After Quantrell sacked Lawrence he fled across Missouri into Kentucky without molestation, but at Columbus or Fort Pillow, Kentucky, the band had a skirmish with a small body of Union troops, in which Quantrell was wounded in the knee. He was taken to Lexington, Kentucky, placed in the Sisters of Charities hospital, where he died. Before his death he sent for a Catholic priest to whom he confessed all. He had $5,600 in cash about his person, one-half of which he gave the priest for charitable purposes and the balance he gave to his mistress, with which she purchased furniture and started a house of ill-fame; which at last accounts she was keeping in St. Louis.
FEBRUARY 19, 1880.
Old Mrs. Clarke, who lives on Posey Creek, in Pleasant Valley township, was arrested last Saturday on complaint of Charles H. Payson, charged with having committed adultery with a man named McCrate. The case was tried before 'Squire Boyer, and was the most disgusting affair that ever encumbered the docket of a criminal court. If one-half the facts that come to our ears are true (and the neighbors seem to think they are), this Clarke outfit ought to be drummed out of the community. COURIER.
The above is a sample of the fairness of the COURIER. Here is a woman who trusted all the money she had to Payson, and he converted it to his own use, and because she prosecuted and had him disbarred for it, he got up this charge against her. She was tried before a jury of twelve men, good men, everyone of them, and they found her not guilty, and that the complaint was malicious. Why is it that the COURIER is ever defending such men as Payson, and assaulting poor, ignorant, and defenseless people like this unfortunate woman? It can only be accounted for upon the theory, that "birds of a feather flock together." If this poor woman is to be drummed out of the community for merely being charged with the crime of adultery, what shall be done with the man who robs her? The COURIER is quick to assualt Mrs. Clarke, but its columns are closed to anything reflecting upon Payson, who took advantage of her. Monitor.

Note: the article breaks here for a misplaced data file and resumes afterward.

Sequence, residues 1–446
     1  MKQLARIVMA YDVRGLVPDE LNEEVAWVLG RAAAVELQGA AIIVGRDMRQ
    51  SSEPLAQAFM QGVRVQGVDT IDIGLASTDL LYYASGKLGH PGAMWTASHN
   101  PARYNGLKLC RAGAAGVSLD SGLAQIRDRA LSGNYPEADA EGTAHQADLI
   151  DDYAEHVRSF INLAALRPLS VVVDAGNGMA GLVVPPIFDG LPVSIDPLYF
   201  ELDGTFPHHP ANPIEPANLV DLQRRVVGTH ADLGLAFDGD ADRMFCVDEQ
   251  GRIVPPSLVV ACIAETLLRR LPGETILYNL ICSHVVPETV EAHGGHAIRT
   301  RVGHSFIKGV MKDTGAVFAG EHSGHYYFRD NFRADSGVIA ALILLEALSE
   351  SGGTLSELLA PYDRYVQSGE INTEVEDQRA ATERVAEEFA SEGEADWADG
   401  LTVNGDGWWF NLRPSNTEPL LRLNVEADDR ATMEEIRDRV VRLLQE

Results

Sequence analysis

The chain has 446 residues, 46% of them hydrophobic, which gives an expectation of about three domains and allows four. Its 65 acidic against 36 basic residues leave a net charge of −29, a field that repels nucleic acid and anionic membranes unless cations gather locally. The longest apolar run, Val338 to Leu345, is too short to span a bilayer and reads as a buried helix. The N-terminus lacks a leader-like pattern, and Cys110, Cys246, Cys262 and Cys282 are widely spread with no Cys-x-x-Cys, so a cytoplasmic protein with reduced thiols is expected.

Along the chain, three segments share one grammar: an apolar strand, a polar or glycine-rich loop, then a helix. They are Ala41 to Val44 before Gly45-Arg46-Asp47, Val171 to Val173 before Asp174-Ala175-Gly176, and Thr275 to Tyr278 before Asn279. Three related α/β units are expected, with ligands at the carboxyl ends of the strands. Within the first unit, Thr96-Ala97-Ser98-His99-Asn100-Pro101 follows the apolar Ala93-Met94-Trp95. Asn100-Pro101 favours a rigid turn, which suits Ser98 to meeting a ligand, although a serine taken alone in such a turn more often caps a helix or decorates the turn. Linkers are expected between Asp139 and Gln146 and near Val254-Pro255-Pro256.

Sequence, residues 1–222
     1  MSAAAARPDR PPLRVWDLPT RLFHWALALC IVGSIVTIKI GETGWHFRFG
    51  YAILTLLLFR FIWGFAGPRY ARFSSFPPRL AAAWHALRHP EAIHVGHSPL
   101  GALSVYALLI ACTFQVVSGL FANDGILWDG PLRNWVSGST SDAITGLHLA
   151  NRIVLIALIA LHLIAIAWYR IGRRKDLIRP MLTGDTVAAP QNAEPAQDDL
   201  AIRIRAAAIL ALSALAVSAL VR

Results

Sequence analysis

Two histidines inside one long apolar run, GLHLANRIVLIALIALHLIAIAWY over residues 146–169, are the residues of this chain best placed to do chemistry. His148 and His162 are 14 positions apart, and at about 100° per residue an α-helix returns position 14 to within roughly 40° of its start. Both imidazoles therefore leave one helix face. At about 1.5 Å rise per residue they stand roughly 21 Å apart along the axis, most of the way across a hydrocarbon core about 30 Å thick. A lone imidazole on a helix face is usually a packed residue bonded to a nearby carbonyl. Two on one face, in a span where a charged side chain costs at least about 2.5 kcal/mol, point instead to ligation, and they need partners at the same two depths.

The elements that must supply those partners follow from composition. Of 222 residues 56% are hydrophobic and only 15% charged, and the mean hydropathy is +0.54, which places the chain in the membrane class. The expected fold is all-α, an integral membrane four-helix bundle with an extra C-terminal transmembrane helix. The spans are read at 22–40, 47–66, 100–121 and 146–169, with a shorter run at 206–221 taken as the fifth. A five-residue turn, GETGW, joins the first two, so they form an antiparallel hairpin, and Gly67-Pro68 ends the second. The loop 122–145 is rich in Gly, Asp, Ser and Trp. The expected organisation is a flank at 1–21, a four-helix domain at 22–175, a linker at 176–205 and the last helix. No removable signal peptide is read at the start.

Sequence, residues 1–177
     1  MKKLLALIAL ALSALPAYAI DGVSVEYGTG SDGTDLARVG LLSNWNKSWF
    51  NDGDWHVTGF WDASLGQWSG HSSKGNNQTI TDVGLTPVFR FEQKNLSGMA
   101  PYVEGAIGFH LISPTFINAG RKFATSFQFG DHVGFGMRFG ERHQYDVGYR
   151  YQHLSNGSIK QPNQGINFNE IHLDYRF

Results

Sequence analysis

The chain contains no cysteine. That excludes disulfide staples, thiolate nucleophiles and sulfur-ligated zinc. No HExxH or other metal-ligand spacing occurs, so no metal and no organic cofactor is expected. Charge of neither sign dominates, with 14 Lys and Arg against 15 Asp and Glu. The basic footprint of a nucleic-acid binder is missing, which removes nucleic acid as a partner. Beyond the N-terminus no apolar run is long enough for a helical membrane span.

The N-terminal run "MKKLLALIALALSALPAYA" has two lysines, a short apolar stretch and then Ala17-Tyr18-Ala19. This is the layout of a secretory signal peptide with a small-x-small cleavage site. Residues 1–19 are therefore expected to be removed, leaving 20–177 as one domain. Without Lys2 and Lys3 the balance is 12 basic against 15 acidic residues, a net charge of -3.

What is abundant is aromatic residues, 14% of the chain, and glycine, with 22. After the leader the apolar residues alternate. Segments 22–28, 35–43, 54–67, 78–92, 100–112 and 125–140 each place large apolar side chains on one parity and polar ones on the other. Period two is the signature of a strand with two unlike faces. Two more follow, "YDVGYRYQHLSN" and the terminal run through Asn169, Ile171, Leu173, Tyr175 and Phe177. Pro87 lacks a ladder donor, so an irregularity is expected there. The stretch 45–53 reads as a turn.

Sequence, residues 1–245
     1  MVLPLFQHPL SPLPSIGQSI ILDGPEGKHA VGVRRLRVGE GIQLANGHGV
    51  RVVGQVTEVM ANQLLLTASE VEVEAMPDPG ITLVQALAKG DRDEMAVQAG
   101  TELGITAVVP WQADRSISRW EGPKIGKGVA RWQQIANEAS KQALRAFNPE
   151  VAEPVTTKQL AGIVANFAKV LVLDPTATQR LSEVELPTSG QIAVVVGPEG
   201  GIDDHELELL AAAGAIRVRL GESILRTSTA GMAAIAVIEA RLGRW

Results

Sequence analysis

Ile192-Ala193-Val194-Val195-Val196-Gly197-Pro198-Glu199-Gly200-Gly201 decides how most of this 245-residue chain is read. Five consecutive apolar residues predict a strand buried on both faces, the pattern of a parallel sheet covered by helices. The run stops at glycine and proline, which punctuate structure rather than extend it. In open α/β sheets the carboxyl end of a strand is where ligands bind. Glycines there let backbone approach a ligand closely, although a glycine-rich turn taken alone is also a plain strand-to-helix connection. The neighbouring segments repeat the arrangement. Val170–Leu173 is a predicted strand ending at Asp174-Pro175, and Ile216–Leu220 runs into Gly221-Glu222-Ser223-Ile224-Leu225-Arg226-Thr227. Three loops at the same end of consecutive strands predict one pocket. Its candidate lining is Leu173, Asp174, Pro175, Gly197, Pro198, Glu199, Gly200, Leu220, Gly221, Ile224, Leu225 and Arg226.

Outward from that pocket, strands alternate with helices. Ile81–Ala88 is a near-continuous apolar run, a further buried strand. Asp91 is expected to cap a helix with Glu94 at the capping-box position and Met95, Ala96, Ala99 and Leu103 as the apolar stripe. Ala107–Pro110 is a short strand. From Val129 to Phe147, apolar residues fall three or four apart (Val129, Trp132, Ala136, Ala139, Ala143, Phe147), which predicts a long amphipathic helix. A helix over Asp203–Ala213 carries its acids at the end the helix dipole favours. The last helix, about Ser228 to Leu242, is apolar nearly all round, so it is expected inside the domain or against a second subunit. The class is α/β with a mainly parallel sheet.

REPLY BY COURIER.
The idea that the above item was calculated to "defend Payson," is simply absurd, and will not receive a second thought at the hands of sensible men. If he has defrauded this woman out of her money, he is no less guilty than if he had stolen from respectable people. Of the Clarke outfit, we have but few words to say. From the admission of parties, this man McCrate was once the husband of Mrs. Clarke, and is the father of several of her children. He still lives with them, apparently master of the premises, although he is passed off as a brother-in-law. Mr. Clarke is a decript old man, nearly deaf, and easily imposed upon. These simple facts, even if they were not backed up by evidence of a nature too revolting to appear in print, would be enough to brand them as the lowest of the low. Numbers of the best citizens of Pleasant Valley township have, during the past three weeks, complained to us of the Clarke's; but we have refrained from speaking of the matter until convinced that the community would be better off without them. Brother Conklin is in poor business when he puts this outfit up as a picture of "injured innocence," and installs himself as their champion. If he needs must have some subject at which to direct the effervescence of a too fertile brain, we would humbly suggest that he give us a few "grammatical criticisms." They would at most be harmless and equally as foolish.